I sit with an old friend on the Big Island
in striking distance to the water’s spray
among flora that drapes its huge blooms
unselfconsciously next to our breakfast table,
and I listen while she tells me about one tragedy
after another. “Can you believe it?” she asks,
hovering dangerously over her coffee cake.
“Drowned. And so beautiful.” All her stories
end this way – incredulous at the loss of beauty.
I am rereading poems by a woman dead now
three years, the incessant magic of the lines,
the knowing she was going, the language opening
with the power of the orchid: feminine, with a penchant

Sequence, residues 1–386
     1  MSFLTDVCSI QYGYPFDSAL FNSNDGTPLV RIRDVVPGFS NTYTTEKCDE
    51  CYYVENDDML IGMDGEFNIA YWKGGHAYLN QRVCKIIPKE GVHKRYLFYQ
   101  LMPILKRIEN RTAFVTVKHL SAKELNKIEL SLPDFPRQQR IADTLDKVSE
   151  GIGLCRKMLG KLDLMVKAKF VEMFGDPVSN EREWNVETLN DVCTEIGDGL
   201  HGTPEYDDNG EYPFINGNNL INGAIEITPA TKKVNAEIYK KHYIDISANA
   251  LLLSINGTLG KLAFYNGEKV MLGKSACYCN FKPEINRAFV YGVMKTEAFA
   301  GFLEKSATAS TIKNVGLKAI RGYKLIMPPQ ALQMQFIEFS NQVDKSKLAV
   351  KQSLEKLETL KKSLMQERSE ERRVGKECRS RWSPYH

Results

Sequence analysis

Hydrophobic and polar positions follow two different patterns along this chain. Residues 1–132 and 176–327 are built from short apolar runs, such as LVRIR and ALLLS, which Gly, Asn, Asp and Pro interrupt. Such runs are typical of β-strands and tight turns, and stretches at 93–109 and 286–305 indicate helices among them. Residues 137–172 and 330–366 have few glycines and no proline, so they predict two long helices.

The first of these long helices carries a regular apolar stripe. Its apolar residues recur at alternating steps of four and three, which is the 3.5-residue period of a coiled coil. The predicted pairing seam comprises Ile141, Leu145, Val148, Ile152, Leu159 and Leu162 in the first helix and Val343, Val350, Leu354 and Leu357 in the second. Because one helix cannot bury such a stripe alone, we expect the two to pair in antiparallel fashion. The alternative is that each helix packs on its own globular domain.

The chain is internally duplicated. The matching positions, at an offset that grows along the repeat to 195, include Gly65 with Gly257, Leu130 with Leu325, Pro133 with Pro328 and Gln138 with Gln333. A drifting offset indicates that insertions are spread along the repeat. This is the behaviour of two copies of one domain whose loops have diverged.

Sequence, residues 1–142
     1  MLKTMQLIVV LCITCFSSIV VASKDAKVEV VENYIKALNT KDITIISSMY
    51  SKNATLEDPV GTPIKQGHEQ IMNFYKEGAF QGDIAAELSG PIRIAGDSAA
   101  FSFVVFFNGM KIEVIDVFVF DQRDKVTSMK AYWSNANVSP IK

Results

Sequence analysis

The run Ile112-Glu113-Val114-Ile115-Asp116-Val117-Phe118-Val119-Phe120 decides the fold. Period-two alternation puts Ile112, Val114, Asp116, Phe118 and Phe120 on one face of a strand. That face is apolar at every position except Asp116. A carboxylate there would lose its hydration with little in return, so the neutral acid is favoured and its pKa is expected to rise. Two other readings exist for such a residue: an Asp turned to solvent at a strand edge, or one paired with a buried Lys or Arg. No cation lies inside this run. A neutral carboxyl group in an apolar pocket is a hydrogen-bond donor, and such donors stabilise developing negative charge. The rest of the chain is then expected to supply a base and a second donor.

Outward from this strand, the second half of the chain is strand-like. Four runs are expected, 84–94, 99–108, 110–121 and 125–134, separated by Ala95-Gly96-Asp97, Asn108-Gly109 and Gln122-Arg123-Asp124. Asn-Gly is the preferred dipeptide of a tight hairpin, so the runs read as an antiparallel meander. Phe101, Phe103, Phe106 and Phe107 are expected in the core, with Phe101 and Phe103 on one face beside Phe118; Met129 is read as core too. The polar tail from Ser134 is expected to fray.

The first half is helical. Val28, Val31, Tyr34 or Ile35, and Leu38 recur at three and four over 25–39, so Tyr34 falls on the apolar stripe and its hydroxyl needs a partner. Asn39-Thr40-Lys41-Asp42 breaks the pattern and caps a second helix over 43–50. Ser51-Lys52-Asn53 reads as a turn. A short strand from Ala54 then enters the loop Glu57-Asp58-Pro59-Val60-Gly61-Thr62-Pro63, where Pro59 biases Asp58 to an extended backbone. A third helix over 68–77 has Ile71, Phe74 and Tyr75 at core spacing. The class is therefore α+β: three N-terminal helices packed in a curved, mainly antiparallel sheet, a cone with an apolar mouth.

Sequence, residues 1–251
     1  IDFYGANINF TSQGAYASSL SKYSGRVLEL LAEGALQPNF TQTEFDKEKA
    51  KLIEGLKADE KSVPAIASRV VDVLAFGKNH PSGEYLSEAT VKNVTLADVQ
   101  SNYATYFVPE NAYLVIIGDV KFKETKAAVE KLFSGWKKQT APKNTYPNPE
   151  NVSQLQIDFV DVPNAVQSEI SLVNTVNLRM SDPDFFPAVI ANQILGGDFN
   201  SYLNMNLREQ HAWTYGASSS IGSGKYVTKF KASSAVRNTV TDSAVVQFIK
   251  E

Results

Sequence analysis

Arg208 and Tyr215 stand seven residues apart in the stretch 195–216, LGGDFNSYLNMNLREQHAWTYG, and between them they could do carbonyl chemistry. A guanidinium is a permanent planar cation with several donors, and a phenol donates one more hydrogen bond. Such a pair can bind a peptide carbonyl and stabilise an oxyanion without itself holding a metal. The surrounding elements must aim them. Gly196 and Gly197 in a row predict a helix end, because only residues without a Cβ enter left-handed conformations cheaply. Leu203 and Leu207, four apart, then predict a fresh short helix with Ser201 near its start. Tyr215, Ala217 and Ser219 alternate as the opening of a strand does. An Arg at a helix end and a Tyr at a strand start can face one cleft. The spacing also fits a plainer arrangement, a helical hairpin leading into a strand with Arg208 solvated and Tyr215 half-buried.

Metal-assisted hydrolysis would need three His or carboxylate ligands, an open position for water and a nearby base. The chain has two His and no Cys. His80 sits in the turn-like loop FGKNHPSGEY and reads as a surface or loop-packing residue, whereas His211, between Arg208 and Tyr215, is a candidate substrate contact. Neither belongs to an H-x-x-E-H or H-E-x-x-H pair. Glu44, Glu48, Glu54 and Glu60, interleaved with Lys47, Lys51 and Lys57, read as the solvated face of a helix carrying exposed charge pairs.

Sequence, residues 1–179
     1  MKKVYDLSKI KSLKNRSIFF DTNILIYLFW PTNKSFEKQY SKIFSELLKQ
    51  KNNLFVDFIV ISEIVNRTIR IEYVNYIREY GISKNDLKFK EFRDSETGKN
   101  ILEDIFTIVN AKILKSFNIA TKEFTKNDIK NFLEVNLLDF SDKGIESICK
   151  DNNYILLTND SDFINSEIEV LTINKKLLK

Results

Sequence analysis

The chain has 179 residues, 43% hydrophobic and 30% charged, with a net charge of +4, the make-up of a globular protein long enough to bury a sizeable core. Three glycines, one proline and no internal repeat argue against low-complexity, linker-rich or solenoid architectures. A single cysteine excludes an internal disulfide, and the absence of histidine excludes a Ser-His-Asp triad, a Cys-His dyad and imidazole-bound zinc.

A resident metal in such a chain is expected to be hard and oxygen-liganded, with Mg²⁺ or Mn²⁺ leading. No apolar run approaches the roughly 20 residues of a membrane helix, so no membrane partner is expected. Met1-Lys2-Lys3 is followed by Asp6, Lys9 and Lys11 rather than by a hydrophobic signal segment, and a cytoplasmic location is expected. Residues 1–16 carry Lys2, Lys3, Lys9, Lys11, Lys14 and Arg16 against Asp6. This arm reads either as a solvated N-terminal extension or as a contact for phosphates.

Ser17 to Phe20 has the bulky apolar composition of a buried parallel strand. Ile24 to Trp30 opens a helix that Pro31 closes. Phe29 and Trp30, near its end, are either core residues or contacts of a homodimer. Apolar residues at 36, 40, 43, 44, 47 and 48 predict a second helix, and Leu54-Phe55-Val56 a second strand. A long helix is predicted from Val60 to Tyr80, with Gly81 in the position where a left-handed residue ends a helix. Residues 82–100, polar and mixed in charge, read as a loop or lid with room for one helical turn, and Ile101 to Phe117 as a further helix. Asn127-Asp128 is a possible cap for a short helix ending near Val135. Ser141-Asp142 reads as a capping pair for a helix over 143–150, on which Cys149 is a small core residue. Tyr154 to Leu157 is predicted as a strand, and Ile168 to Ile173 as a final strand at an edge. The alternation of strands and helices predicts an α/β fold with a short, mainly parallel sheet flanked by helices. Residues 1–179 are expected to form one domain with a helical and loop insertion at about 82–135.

for strong, indirect light. They possess an urgency
that I can’t get near because I have not yet accepted
my dying, because no one has yet proclaimed over me
the title of a disease. Every word runs headlong to the
edge, unconcerned how shallow the water is, hoping only
that someone will write about how the dappled sun
sparkled on the rocks below the day it hit the bottom.
The dead and the dying, tricksters the lot, play keep away with the truth,
ask, How far will you go for the phrase that opens the soul?
That breaks the body, flesh souring, dissolving from bone,
in its place light, in the light, words.
My friend has it all wrong. The beauty just piles up,
bones in a canyon riverbed, precarious towers
of geodes reflecting the sun, the laughing dead
pile on more while the living dance underneath,
try to balance it all. Don’t take yourselves so goddamn serious,
they call from the clouds, adding another shiny rock.
Nov. 28, 2013
One of 30 poems in 30 days